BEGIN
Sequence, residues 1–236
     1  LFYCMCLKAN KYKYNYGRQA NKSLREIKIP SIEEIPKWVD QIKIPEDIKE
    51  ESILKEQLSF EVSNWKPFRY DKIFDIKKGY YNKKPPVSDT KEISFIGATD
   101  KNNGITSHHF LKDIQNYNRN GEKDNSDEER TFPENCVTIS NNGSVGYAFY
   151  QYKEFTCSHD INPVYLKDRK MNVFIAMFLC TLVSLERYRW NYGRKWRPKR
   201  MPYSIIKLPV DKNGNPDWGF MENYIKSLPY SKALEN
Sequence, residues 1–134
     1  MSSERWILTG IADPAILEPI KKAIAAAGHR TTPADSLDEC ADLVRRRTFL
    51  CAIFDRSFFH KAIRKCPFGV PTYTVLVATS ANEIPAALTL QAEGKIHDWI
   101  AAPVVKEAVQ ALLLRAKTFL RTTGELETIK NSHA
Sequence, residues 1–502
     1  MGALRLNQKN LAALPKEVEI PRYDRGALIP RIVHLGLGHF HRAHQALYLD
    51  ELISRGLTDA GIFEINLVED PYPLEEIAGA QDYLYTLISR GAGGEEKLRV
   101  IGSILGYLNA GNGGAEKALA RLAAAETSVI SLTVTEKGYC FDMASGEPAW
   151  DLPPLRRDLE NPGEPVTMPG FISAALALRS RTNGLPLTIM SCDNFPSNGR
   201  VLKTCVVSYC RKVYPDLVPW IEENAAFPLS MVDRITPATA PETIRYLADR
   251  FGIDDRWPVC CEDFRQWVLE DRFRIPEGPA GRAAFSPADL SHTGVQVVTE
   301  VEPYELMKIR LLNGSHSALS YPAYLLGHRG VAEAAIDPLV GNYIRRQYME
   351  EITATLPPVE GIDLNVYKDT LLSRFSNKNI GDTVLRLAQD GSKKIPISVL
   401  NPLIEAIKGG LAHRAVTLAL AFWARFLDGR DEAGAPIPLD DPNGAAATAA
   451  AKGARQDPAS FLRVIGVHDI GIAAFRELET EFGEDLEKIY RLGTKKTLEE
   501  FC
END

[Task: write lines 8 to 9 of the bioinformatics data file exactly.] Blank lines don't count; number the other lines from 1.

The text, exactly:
     1  MSSERWILTG IADPAILEPI KKAIAAAGHR TTPADSLDEC ADLVRRRTFL
    51  CAIFDRSFFH KAIRKCPFGV PTYTVLVATS ANEIPAALTL QAEGKIHDWI